ST. PETERSBURG, Fla. (FOX 13) - Although Bay Area beaches seem to be back to normal after almost a year of red tide, Pinellas County hosted a special summit to discuss the toxic algae bloom and concerns that continue to loom.
A panel of both experts and county officials spoke in front of a packed house Thursday about the history of red tide, and its effects on marine life, public health, and the economy.
“I feel like it’s a sticky situation that we don’t know [much about],” said Yeni Fernandez, an environmentalist who attended the summit.
Like dozens of others, Fernandez was eager to learn what scientists and public agencies are doing to mitigate future red tide blooms.
However, environmental experts warn there’s no clear-cut answer on how to prevent it from coming back.
“What we don’t know: Do humans exacerbate red tide blooms? Perhaps, but we really don’t know that,” said Dr. Robert Weisberg. “What determines bloom termination? Why does it go away? We don’t fully understand that.”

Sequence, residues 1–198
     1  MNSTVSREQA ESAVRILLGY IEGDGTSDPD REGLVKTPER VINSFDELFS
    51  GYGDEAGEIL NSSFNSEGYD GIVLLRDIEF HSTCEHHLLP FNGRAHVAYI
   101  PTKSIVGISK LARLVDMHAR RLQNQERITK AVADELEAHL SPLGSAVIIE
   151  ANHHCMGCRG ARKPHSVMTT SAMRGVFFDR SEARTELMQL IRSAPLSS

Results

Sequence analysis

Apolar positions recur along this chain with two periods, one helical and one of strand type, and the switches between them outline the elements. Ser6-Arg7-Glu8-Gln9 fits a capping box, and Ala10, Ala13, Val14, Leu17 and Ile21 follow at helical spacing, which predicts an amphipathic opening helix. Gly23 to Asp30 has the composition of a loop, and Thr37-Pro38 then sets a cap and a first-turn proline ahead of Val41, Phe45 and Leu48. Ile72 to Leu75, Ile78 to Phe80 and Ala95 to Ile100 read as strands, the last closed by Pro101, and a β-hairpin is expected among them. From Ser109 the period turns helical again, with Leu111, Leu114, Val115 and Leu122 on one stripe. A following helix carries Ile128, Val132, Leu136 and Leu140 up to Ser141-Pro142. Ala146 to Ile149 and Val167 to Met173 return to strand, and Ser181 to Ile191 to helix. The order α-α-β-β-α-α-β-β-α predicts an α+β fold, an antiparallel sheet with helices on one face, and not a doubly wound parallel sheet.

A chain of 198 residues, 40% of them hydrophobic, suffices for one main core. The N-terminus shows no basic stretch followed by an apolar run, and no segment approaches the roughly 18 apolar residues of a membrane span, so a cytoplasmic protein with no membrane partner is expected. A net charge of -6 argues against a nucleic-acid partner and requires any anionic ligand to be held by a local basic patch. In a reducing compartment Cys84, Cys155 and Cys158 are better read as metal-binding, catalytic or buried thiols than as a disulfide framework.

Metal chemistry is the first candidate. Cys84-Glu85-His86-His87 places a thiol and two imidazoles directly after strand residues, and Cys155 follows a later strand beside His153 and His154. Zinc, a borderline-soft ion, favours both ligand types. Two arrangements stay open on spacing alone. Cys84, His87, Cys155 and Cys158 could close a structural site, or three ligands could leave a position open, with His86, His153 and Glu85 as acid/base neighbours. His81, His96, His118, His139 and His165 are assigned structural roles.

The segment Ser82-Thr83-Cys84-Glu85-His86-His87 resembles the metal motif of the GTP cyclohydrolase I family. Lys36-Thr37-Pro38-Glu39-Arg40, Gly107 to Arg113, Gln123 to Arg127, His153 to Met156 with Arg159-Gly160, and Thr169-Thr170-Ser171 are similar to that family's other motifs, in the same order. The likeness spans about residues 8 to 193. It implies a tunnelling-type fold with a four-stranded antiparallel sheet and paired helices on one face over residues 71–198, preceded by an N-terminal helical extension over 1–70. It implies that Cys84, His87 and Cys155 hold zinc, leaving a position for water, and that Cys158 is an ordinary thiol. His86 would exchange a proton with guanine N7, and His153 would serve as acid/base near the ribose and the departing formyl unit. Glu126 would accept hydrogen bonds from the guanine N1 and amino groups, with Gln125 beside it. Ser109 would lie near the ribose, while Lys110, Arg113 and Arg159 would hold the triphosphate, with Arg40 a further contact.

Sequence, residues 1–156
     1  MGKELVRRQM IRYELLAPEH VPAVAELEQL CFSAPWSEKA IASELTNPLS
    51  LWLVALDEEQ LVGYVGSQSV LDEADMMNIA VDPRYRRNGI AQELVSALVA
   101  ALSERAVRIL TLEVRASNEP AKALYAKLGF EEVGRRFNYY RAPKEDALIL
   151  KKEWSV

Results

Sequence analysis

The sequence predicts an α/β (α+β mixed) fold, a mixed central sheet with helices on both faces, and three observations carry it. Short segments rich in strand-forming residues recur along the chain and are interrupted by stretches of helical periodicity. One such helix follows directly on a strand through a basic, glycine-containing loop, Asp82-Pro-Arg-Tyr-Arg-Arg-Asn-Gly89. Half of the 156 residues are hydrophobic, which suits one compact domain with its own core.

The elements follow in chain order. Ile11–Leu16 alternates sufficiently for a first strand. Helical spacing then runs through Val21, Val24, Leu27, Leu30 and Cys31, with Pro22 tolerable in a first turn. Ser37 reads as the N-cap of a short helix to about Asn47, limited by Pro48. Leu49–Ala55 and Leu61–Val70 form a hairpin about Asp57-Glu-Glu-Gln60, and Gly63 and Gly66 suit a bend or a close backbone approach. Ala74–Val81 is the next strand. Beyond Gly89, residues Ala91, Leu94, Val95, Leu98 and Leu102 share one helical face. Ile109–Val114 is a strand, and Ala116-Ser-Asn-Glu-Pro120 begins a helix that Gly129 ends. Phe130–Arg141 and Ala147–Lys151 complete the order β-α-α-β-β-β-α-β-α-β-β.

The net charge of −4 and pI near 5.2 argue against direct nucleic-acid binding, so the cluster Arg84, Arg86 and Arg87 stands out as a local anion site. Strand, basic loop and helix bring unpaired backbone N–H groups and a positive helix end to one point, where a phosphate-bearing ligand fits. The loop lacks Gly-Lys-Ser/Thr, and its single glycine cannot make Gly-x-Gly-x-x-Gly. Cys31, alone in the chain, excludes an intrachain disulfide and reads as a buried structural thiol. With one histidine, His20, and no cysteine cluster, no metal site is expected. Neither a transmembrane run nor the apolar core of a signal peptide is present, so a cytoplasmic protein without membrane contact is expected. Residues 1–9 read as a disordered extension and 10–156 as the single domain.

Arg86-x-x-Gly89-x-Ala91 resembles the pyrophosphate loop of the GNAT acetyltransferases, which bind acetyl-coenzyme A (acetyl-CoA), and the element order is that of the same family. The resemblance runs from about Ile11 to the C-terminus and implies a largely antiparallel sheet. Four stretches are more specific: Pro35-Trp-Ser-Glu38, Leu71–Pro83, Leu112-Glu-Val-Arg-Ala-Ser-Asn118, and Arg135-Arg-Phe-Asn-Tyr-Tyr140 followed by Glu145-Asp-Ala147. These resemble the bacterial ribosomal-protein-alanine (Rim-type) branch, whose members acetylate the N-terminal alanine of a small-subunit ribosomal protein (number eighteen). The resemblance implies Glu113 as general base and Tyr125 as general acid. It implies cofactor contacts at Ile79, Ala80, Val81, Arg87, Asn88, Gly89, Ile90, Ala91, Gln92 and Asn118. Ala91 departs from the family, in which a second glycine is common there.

Florida Fish and Wildlife Conservation Commission researcher Dr. Kate Hubbard says the best way to predict the future is usually to look at the past. Red tide occurs each year in the Gulf of Mexico, however, last year was one of the worst on record, Hubbard said.
Meanwhile, county officials discussed the importance of collaborative efforts between agencies to tackle the problem. Other panelists talked about the effects red tide can have on humans, like respiratory irritation and neurotoxic shellfish poisoning, which can happen if someone consumes shellfish exposed to red tide.
While many left feeling better-informed, some said they wanted to hear more about solutions.
“I just wanted to learn more and mainly learn the initiatives moving forward, which is what I felt I didn’t get a lot of,” said Fernandez.
The panelists emphasized red tide is an interdisciplinary problem that will require collaboration from several organizations and agencies.
“There is no one entity that can do this," said Kelly Hammer Levy, the director for Pinellas County Environmental Management. "We need a collaborative network of scientists.”
Experts warn preparation for another round is key because, based on historical data, it will likely happen again.